The Boise Real Estate Market

The Boise Real Estate Market

 

It’s no wonder Idaho is growing. Fast. The Idaho Department of Labor projects the Gem State’s population will reach nearly 2 million by 2025. The majority of that growth is taking place in Southwest Idaho. The Boise metro area, by several measures, has been called the fastest-growing region in the country by multiple newspapers and magazines. Realtor.com and other national news sources have said Boise is a “Top-10” place to move.

So how does this affect the Boise real estate market? The housing market has become the single greatest beneficiary of Idaho’s flourishing economy. Appreciation rates in the last year have outpaced the national average, and there is nothing to indicate they won’t stay positive for the next 12 months. For all intents and purposes, the Boise real estate market is about as healthy as you’ll encounter anywhere in the U.S.

The population increase is having an extraordinary influence on the area’s housing prices. It seems that every month Ada and Canyon counties are setting records in Idaho when it comes to the cost of buying a home. According to Boise Regional Realtors, last year the median sales price for a single-family home in Ada County jumped to over $334,000 while Canyon County’s average single-family home cost reached $220,000. (Both of these prices were records for the Treasure Valley.)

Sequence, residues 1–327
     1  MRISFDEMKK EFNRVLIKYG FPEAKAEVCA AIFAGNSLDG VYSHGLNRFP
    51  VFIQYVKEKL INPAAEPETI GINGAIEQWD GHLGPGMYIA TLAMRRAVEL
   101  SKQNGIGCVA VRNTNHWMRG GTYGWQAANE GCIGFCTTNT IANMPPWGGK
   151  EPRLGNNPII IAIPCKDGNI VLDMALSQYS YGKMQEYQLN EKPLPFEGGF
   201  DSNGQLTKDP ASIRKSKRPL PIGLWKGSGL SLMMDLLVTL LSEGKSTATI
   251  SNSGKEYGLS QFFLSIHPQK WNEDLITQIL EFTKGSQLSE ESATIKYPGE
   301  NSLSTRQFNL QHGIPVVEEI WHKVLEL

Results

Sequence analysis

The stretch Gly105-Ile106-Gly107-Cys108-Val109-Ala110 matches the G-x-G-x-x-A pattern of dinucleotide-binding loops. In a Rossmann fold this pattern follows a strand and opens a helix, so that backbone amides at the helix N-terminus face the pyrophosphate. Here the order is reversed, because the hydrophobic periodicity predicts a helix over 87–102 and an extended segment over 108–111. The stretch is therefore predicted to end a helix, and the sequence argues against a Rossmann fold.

Here is the current breakdown of the Boise real estate market and predictions for the Boise real estate market in 2019.

Home Prices

It is simple supply and demaind economics—the demand for homes is far exceeding the supply, meaning that there are more people looking to buy than there are homes on the market. The cost to build a new home is a factor in this. Many times, newly constructed homes sell at higher asking prices than already existing homes because construction costs (like materials, land, and labor) go up, so do the sale prices for these new homes. About a quarter of the sales in Ada County are brand new homes, so the median sales price has jumped accordingly.